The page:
Legislation to place 250 retarded and other developmentally disabled adults in community facilities, passed in the waning hours of the General Assembly session last week, represented a special triumph for advocates of the mentally retarded in Maryland.

The measure had appeared to be in jeopardy late in the session, when funds legislation to which it had been linked was defeated.

The 250 persons who will be placed in community group homes and day program activities by August 1983 form a small part of the more than 3,000 mentally retarded persons in the state who are waiting for places. But the legislation is "a very significant first step" in helping retarded adults lead more productive and independent lives, says Madeleine Will of Chevy Chase, co-chairman of the Maryland Association for Retarded Citizens (MARC).

In testifying for the legislation, called the community programming bill, MARC activists emphasized a need to care for retarded persons outside of institutions. They pointed out that the state offers educational and job training programs for retarded children only until they reach age 21. Retarded adults placed in institutions often regress after training programs end, and if they live with their parents they often become withdrawn, forget what they have learned and are more and more dependent on their families, say MARC members.

Suzan Gildenhorn of Montgomery County, a member of MARC's government affairs committee, said, "Not only do these people lose their academic skills, but the social skills they have been taught through the years, such as taking public transportation and handling money. These (skills) are forgotten if they are not used."

The number of group homes where retarded adults can live under limited supervision is woefully inadequate, MARC contends. Montgomery County has only 32 such homes, with more than 100 residents. Three more homes are scheduled to open in the spring.

Throughout the state, 1,300 persons have found placement and 3,075 more are waiting for space in residential group homes. Of the latter number, 1,295 live with their families and 1,780 are in institutions.

Some witnesses told of problems, such as elderly parents who have been waiting years for placement of a retarded adult child in a group home or day program, and persons in institutions who are able to hold jobs but have nowhere else to live.

One such parent is Mary Denny of Silver Spring, who has been waiting 14 years to have her son John, now 35, placed in a group home or daytime activity. He suffered brain damage in an accident when he was 6, has frequent seizures and needs constant supervision.

"I am a very patient person, but I just need to know that he'll have a place if he outlives me," said Denny, who is 75 and has been a widow for seven years.

Joanne Perantoni told legislators of her initial opposition when a group home for retarded adults was opened next door to her home in Rockville. She said that after she came to know the four residents and two counselors, they all became good friends.

"They make me feel so relaxed because they are such loving people," she said, and added, "I've been absolutely ecstatic about the individual growth I've seen (among the residents) during the last three years."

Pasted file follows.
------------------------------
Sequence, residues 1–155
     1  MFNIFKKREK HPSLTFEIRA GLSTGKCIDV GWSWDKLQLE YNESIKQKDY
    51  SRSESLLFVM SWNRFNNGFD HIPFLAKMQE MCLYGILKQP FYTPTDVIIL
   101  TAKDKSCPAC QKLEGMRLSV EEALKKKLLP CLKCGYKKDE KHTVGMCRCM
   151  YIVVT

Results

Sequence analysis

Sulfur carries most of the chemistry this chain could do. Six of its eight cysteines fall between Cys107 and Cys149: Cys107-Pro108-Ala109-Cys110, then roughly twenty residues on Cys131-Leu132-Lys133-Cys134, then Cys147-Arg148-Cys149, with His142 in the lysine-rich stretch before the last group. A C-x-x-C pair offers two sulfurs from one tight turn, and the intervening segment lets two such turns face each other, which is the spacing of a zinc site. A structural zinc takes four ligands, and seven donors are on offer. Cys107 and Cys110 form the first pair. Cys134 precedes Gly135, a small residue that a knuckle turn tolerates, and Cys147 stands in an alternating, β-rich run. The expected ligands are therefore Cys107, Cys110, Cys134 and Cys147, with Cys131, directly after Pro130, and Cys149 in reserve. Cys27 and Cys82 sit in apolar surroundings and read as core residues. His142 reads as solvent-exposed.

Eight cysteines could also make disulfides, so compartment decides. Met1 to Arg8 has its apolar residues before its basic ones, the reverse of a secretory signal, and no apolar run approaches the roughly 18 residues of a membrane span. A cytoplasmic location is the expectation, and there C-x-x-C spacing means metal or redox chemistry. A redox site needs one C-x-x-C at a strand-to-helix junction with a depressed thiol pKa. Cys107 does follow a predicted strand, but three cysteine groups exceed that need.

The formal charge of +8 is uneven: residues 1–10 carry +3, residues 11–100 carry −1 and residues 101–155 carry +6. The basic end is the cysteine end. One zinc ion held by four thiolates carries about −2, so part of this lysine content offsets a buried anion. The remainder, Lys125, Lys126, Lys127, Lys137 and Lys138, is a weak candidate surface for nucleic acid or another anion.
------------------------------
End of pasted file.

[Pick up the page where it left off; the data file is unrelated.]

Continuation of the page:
In appealing to the budget-conscious legislators, MARC lobbyists said they tried to demonstrate that the state wastes money if it trains people only until they are 21 and then lets their skills deteriorate. Lobbyists also contended that the state loses potential taxpayers if it does not help retarded adults retain their job skills.

During the last two sessions, several legislators have visited group homes at MARC's urging.

"It was important for the legislators to have a real image of retarded people living in the community," said Will, the mother of a retarded 9-year-old boy. "Some had visited institutions before and had been shocked. They were amazed at the distinction between that kind of living and living in group homes."

Tying the fate of the bill to help the retarded to a funds measure was believed necessary in a year when the General Assembly was besieged by requests for money from groups representing special populations ranging from autistic children to the elderly. In addition, the assembly was unsure just how much federal aid state programs would lose.

Gov. Harry Hughes said he would support the community programming bill, introduced by Del. Lorraine Sheehan (D-Prince George's), if the assembly passed a corporate windfall-profits tax bill. The legislation for the retarded was amended so that the number of programs it proposed would cost $1.4 million, the amount the windfall-profits tax was projected to raise.

But when the Senate budget and tax committee killed the windfall-profits tax, said Sheehan, "I thought our bill would also die."

In the last hours of the legislative session, however, an agreement was reached to pay for the community programming through four other bills that had passed, including one raising the rate of interest charged on delinquent state taxes.

According to Sheehan, who has a 16-year-old retarded son, the strategy of MARC and its supporters worked. In spite of the failure of several revenue bills the group supported, she believes its efforts to publicize the need for more community group homes and day program activities, along with the publicity surrounding the defeat of the windfall-profits tax, spurred legislators to make an extra effort to find other sources of funds.